Twiname_whole_thesis.pdf (4.64 MB)
Mechanistic understanding of climate-driven range shifts: using thermal tolerances of rock lobster to predict future change
thesisposted on 2023-05-28, 09:11 authored by Samantha TwinameSamantha Twiname
Climate change and ocean warming are driving changes in marine ecosystems globally. One of the most observed alterations are species' geographical re-distributions, or range shifts. Many of these shifts have been poleward extensions of species' ranges, however there is high variation in many aspects of these shifts. What causes these differences in species responses is likely complex and we currently do not have a strong understanding of the cause of this variation. Therefore, there is a pressing need to understand the mechanisms behind species' range shifts to be able to better predict future changes. One way to begin to understand what may cause a species to shift their range is to investigate their physiological and behavioural thermal tolerances. Here, the thermal tolerances of a range of performance measures of a local and a range-shifting species of spiny lobster in south-east Australia were explored, and potential responses of both species to future ocean warming in the region were modelled. Eastern rock lobster, Sagmariasus verreauxi, are a large species of spiny lobster found along the east coast of Australia and are suspected of undergoing a range shift further into Tasmanian waters, currently occupied by the resident species, southern rock lobster, Jasus edwardsii. The effect of this range-shifting species and its potential interaction with the local species has implications for the valuable local commercial J. edwardsii fishery, as well as for the marine ecosystem in Tasmania. Understanding potential mechanisms behind species' range shifts is key to being able to predict future changes and proactively manage resources sustainably. Thermal performance curves allow exploration and visualisation of how a species' measure of performance changes with temperature. Thermal performance curves of multiple measures of performance for the two species of lobster, J. edwardsii and S. verreauxi, at two different life stages, puerulus (final larval stage) and juvenile, were investigated. Using intermittent-flow respirometry, the effects of temperature on aerobic metabolism and aerobic scope across the temperature gradient were developed into thermal performance curves. The effect of temperatures on escape speed, an important survival performance measure, was also measured. It was found that the two species have different thermal tolerances between multiple measures of performance as well as between life stages. This suggests that a single measure of performance may not accurately be able to predict whole-organism changes under ocean warming scenarios. To further determine whether individual species' thermal tolerances can be used to predict changes to species' interactions under ocean warming scenarios, competitive trials for food resources between the two lobster species over a range of temperatures were conducted. Single adult individuals of both species were placed in a tank with a single food item and the resulting interaction filmed for analysis. Jasus edwardsii was successful in obtaining the food item before S. verreauxi in the majority of trials. Jasus edwardsii also exhibited significantly more aggressive behaviours than S. verreauxi, who exhibited significantly more submissive behaviours over the temperatures range tested. These results indicate that Jasus edwardsii is competitive at and above temperatures determined optimal for other performance measures in previous studies. It also suggests that while individual thermal tolerances are valuable measures for individual performance under changing climate conditions, they may not be sufficient in predicting changes to the outcomes of interactions due to unforeseen indirect effects in terms of organism behaviour. To gain a more comprehensive understanding of how populations may react to changing ocean conditions, modelling approaches can be used to investigate aspects of species performance not readily obvious from experimental results. Models of Intermediate Complexity for Ecosystem assessments (MICE) are flexible, targeted models that can be used to answer specific questions such as; how will a range shifting lobster affect a resident species in Tasmania? The two-part model first explores how individual physiological thermal tolerances affect projected biomass under a range of scenarios, and secondly incorporates competitive interactions into the framework to project changes as a result of indirect effects of ocean warming. From part one of the model, population trajectories that incorporated physiological data into the model greatly changed the projected biomass. Jasus edwardsii projected biomass remained stable or increased slightly over the 50-year projection, while S. verreauxi biomass is projected to greatly increase, a result consistent with their thermal tolerances and future projected ocean warming in the region. Incorporating competitive interactions in the second part of the model changes the dynamics due to the two populations sharing resources. In these projections, J. edwardsii projected biomass decreased, while S. verreauxi projected biomass increased. Here, it is assumed that the effects of thermal tolerances of the two species outweighs the increased competitive ability of J. edwardsii over S. verreauxi. These results show that incorporating thermal tolerance data into models can greatly affect the outcome of the projections, and that indirect effects of climate changes such as those to species interactions may have considerable effects on populations with potential knock on effects for marine ecosystems. These results all indicate that the mechanisms facilitating or hindering species range shifts are complex and not always easily apparent. While predictions about individual species performance under climate change may be relatively simple to develop, the ability to predict changes to marine communities or ecosystems is much more complicated. Here it is shown that a wide range of techniques can be used to aid in our pursuit for greater understanding of species' range shifts and their potential effects on marine communities. Ultimately, a comprehensive framework is required that incorporates both experimental and modelling techniques to best grasp current and future changes to both individual species and marine ecosystems.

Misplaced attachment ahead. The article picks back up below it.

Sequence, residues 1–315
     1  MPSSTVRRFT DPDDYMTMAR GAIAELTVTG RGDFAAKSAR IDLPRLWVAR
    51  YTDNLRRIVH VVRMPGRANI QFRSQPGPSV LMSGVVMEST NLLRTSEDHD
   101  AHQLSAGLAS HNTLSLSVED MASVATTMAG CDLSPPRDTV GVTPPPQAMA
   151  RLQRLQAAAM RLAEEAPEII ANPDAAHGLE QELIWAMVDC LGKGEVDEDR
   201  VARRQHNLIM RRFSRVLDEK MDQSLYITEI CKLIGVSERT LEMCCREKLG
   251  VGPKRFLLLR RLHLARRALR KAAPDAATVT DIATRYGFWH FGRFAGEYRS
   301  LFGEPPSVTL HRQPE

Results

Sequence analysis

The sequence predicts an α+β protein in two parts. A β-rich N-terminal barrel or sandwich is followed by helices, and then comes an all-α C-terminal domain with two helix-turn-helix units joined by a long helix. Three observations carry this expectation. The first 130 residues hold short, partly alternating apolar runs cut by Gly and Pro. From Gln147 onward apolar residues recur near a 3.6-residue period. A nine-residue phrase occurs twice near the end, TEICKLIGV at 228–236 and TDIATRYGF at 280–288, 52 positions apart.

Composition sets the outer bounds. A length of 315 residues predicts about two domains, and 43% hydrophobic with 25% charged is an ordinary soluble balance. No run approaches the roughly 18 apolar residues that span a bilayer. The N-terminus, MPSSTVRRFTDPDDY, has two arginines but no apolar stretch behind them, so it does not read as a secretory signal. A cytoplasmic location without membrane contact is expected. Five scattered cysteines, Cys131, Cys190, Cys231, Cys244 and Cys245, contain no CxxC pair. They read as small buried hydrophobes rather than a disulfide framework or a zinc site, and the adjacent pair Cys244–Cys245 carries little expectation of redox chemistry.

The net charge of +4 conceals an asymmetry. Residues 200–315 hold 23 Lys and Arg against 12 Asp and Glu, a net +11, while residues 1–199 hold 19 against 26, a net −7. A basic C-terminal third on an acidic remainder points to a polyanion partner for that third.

Rights statementCopyright 2019 the author Chapter 2 appears to be the equivalent of a pre-print version of an article published as: Twiname, S., Fitzgibbon, Q. P., Hobday, A. J., Carter, C. G., Pecl, G. T., 2019. Marine ecology progress series, 624, 1-11. It is published using a Creative Commons Attribution 4.0 International (CC BY 4.0) license (https://creativecommons.org/licenses/by/4.0/)